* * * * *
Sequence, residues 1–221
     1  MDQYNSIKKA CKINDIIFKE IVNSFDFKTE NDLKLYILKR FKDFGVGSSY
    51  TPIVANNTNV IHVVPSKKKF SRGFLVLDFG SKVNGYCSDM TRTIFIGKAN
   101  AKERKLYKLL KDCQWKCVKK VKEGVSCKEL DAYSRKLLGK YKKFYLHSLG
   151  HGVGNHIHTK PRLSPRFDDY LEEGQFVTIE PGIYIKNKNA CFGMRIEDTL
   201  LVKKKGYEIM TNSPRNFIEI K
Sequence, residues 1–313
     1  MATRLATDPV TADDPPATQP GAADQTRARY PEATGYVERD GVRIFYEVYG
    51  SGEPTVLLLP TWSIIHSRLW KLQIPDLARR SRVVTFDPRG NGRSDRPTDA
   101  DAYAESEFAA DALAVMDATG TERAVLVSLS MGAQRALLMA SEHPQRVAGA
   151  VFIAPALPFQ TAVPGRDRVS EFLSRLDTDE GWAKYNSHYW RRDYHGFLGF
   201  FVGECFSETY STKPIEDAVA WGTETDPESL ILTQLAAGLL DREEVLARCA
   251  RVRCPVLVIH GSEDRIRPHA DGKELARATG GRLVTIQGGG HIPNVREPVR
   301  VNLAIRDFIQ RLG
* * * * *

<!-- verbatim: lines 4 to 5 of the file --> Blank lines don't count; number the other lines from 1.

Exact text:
   101  AKERKLYKLL KDCQWKCVKK VKEGVSCKEL DAYSRKLLGK YKKFYLHSLG
   151  HGVGNHIHTK PRLSPRFDDY LEEGQFVTIE PGIYIKNKNA CFGMRIEDTL